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Karzai faces two rivals in debate
KABUL, Aug 17 (Agencies):
Published on 18 Aug. 2009 12:37 AM IST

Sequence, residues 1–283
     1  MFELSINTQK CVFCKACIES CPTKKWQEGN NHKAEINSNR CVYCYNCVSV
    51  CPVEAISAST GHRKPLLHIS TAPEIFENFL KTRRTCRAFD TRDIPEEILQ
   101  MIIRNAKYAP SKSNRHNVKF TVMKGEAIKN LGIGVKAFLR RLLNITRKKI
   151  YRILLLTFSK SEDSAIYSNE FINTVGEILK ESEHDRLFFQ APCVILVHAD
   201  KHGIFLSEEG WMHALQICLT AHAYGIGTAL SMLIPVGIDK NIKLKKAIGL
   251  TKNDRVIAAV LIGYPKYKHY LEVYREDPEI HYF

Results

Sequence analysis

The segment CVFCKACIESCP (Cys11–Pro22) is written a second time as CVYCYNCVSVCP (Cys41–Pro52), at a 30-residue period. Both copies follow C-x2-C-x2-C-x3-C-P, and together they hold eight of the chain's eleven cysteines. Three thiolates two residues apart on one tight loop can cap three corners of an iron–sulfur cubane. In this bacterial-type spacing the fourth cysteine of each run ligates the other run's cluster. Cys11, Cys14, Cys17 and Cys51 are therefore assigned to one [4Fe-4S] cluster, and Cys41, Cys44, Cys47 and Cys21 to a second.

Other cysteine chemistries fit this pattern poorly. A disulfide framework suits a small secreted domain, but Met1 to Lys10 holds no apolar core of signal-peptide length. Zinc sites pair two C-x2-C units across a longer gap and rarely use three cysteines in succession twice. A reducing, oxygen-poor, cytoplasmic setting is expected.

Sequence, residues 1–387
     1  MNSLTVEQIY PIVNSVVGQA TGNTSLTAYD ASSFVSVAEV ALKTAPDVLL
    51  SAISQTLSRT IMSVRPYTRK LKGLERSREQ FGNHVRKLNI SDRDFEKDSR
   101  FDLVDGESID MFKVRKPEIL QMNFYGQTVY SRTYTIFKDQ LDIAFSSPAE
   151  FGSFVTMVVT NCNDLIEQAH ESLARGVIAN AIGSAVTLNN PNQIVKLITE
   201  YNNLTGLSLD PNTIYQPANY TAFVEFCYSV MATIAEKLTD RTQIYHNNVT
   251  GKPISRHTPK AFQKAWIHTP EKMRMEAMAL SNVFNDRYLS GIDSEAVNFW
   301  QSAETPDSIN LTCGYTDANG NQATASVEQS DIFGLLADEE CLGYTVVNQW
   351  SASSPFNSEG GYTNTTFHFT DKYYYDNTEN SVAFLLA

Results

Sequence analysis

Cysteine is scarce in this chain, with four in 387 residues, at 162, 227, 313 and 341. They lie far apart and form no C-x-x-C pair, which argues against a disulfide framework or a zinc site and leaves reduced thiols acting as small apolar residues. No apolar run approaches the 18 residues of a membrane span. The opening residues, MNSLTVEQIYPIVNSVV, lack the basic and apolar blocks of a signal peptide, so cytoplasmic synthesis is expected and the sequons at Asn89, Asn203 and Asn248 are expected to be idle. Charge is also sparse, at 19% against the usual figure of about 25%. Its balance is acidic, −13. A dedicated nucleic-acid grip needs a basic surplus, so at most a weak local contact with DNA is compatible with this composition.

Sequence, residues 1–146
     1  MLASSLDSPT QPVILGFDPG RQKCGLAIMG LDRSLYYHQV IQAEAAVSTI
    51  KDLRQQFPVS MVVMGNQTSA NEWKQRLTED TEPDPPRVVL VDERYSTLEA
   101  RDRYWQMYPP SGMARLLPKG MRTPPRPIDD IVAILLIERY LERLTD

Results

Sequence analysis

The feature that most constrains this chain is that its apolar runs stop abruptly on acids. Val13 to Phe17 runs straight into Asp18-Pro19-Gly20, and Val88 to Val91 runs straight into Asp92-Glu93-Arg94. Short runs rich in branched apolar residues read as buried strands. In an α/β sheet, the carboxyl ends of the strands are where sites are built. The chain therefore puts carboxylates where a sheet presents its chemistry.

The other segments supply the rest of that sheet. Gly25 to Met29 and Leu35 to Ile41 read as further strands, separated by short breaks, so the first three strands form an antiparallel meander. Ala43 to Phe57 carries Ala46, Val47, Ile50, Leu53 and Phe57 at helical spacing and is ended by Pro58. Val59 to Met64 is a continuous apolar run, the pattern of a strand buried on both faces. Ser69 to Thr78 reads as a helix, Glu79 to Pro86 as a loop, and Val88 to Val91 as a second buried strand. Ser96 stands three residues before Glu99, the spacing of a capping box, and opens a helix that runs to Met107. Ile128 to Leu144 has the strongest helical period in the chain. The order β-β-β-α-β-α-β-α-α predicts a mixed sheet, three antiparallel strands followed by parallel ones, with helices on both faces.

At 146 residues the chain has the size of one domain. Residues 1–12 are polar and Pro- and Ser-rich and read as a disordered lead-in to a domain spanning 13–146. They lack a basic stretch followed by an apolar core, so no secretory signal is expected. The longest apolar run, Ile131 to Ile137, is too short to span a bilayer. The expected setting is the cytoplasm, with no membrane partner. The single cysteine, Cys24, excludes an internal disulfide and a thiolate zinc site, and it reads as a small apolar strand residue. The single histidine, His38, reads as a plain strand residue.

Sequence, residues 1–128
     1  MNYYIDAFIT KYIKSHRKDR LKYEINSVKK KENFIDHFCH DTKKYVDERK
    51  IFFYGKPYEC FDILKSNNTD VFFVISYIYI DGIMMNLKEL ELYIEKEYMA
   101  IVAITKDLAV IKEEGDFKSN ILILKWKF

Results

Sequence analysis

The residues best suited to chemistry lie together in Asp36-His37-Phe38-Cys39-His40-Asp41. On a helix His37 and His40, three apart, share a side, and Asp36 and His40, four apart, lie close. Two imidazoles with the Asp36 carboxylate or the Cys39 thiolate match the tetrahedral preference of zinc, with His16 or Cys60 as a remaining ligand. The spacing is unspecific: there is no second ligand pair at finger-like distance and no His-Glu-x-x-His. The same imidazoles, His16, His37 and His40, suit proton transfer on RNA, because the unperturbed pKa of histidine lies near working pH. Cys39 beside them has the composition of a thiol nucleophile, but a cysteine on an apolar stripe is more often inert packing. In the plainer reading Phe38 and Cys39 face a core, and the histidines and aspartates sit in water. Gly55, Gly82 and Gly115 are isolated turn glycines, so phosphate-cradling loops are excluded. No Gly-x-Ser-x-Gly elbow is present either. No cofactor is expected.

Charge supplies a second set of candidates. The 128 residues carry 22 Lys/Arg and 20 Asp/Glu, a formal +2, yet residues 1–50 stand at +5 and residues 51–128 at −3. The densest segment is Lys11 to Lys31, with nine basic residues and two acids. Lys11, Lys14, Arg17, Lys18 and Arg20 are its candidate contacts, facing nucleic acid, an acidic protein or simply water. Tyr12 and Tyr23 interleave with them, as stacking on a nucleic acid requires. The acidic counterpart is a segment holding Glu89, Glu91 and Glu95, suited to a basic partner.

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After failing to show up for the first televised debate of the campaign, President Hamid Karzai took on two rivals Sunday night who described his government as mired in corruption and deficient in bringing jobs and security to Afghanistan. In the nearly two-hour debate against former finance minister Ashraf Ghani and former planning minister Ramazan Bashardost, Karzai calmly defended his record and sought to portray Afghanistan as vastly improved since he took over leadership of the country in 2001 after the fall of the Taliban. Karzai will face off with Ghani, Bashardost and others in a field of 41 candidates who are vying to win the presidency in Thursday’s vote. The event Sunday, sponsored by Radio Free Europe and held in an auditorium operated by Afghanistan’s national television station, marked the first time during the campaign that Karzai has publicly debated his opponents. But the candidate considered the strongest challenger to Karzai, former foreign minister Abdullah Abdullah, chose not to participate. Bashardost, an ethnic Hazara who has been running his campaign from a tent in Kabul and has vowed to operate without security guards if he wins, was the most colorful candidate Sunday. He attacked government corruption and incompetence and said Afghans are attracted to the Taliban’s style of swift, brutal justice because they receive no help with their problems from local officials. He said he would throw out the officials who “are just putting dollars in their pockets.” Karzai attempted to shift blame for the nation’s problems away from his government. He said Western troops helped incite Taliban violence in recent years through invasive searches of Afghan homes and by causing civilian casualties. He also stressed his view that Afghanistan’s problems with violence and terrorism come from outside countries and are not a homegrown problem. He emphasized how Afghanistan’s budget revenue and per-capita income had grown during his tenure. “The lifestyle has gotten better in this country,” he said. Karzai said that if he was elected, he would convene a grand council, or loya jirga, including the Taliban and other militant Islamist groups, to try to forge a peace deal. Bashardost questioned whether the Taliban is ready to negotiate. Taliban vow to bomb polling booths KANDAHAR, Aug 17 (Agencies): The Taliban on Sunday threatened for the first time to attack Afghan polling stations, escalating their bid to derail key elections this week after striking Nato in the heart of Kabul. The threat was made in leaflets, dropped in villages in the south, and authenticated by a Taliban spokesman who said the militia would accelerate its bloody campaign of violence on the eve of polls. “This is to inform respected residents that you must not take part in the polls so as not to become a victim of our operations, because we will use new tactics,” said one leaflet distributed in Kandahar. “All people are being informed that you must not rent out property to voting centres and if anyone did — even after elections — they may face problems”, they said. Taliban spokesman Qari Yousuf Ahmadi confirmed the leaflets were authentic and that commanders were ordering the masses to boycott the vote. The leaflets marked the first direct threat from the rebels to attack polling sites. The leaflets came even as supporters of the candidates came out in their thousands on Sunday. In his regional power base in the north, former foreign minister Abdullah Abdullah, President Hamid Karzai’s main challenger, was mobbed by thousands of supporters who stormed a gate to surge into the compound where his helicopter touched down. He was hoisted onto a pickup truck and driven through the town of Taloqan, surrounded by crowds of adoring supporters. “I told the crowd we have already won,” Abdullah said. Karzai disappointed thousands of people in the southern city of Kandahar who were hoping he would make an appearance at a rally addressed by one of his half-brothers, Ahmad Wali Karzai, Kandahar’s provincial council chief. Kandahar is Karzai’s home town as well as the heartland of the Taliban, whose fighters have vowed to disrupt the poll with attacks.

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